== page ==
Official statistics show that 86 new tower cranes of more than 200tm capacity were shipped from Europe to the USA during 1999.

Compared to the 4,000 or so tower cranes, of all sizes, that were sold in Europe last year, the USA is not yet a significant market. But for the first time in more than a decade, it is a growing market – and these days tower crane manufacturers are desperate for those.

In all probability, more large towers were sold in 1999 in the USA than in the previous 10 years put together.

The initial few German cranes that arrived in the USA in the late 1950s and early 1960s were followed up by a mini-boom led by Linden, which sold between 100 and 150 over five or six years. In the mid ’70s to early ’80s, Pecco – the US subsidiary of Germany’s Peiner – took over market leadership. Pecco then fell victim to the construction recession of the early 1980s, went bankrupt and its fleet was taken over by Morrow which has since dominated a rental market that until recently could only be described as slack. Morrow is Liebherr’s US dealer and has gradually increased the proportion of Liebherr cranes in its rental fleet, to the point where the brand is now dominant.

In 1995, after Peiner in Germany had been taken over by Preussag, it started again in the USA, through Noell Crane & Service (NCS), which now has about 40 cranes in its rental fleet.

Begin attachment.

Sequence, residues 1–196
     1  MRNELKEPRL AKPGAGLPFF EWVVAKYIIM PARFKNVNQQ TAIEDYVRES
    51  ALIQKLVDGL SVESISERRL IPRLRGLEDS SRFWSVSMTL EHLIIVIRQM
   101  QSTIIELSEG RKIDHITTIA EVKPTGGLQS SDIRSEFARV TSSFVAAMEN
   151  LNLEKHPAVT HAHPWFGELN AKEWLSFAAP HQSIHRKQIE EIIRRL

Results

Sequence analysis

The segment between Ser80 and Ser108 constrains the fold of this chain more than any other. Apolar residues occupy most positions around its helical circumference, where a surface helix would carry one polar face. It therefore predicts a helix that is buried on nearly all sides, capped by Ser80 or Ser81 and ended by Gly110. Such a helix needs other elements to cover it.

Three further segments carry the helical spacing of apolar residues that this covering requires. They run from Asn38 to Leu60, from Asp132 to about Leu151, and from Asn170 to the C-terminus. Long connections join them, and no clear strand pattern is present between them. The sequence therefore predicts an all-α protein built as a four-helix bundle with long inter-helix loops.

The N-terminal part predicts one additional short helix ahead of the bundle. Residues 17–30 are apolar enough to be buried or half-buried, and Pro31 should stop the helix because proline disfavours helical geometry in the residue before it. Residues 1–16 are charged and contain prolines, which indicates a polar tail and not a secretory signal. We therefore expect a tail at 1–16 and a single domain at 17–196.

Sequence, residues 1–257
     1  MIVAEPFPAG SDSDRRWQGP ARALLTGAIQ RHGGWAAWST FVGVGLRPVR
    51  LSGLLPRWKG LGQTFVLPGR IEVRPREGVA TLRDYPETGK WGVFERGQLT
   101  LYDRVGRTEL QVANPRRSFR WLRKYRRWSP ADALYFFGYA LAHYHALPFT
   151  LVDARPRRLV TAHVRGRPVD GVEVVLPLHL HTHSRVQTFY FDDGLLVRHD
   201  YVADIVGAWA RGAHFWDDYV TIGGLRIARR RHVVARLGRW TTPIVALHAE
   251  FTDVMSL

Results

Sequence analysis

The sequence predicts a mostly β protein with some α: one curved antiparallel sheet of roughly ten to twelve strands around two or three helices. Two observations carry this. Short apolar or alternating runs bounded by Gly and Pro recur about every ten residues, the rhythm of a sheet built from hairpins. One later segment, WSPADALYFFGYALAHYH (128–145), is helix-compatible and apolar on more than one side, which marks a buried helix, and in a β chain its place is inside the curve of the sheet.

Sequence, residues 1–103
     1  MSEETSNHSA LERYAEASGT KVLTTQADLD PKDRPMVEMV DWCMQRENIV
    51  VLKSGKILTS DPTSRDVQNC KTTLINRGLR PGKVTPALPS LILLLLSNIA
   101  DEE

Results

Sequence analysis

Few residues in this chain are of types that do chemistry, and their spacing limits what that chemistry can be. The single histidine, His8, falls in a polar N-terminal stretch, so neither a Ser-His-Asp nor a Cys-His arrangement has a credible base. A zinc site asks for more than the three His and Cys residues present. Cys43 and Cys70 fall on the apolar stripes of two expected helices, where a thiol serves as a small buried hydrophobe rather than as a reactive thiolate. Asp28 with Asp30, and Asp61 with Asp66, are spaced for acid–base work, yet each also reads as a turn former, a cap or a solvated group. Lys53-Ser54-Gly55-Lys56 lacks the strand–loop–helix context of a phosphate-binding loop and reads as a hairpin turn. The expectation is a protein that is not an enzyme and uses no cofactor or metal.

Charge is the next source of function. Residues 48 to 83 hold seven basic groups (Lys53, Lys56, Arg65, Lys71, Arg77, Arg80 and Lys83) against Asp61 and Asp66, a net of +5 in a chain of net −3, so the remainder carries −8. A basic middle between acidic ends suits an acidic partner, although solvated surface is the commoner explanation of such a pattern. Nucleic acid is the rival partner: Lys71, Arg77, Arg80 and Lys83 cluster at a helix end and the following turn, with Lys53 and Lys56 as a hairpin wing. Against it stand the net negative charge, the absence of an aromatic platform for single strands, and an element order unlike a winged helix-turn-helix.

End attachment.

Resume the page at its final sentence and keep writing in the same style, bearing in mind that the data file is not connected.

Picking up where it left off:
With pushes led first by Linden and then Pecco/Peiner, the US tower crane market today is undergoing a third birth – and this time it is everyone’s turn to get into the action.

“Slowly the contractors, and especially the rental companies, have seen that there is less cost using a tower crane than a mobile crane on a long term contract,” says Terex Peiner sales director Frank Crombe.

“Tower cranes are now being accepted as a tool,” concurs Christian Chalupny, president of Liebherr distributor Morrow Equipment, the company with the USA’s largest tower rental fleet. “There’s a positive trend towards realising that the tower crane is an economic, low maintenance, quieter alternative.” Another factor may have been the ready availability of US-built crawler cranes which have often been used where tower cranes could possibly have been more productive. Crawlers are hard to beat for heavy lifting, but it is slowly being realised that tower cranes are cheaper for duty-cycle, long-reach work.

Liebherr and Peiner, along with Linden Comansa, are perhaps the best established tower crane brands in the USA. But more are coming. At Conexpo ’96 there was just one tower crane on show – a Liebherr. At Conexpo ’99 there were eight.

One of the more significant recent developments in the sector came in November 1998 when Terex acquired Peiner and took a major stake in Gru Comedil of Italy. The arrival of Terex has been followed by an upturn in interest in tower cranes in the USA. Given Terex’s cost-competitive strategy, this was perhaps to be expected. But some think that Terex has not played a significant role in growing the tower crane market. Instead, growth is attributed to the economy, to the reduced availability of crawlers, or to Morrow’s mighty resources being stretched, making room for competition.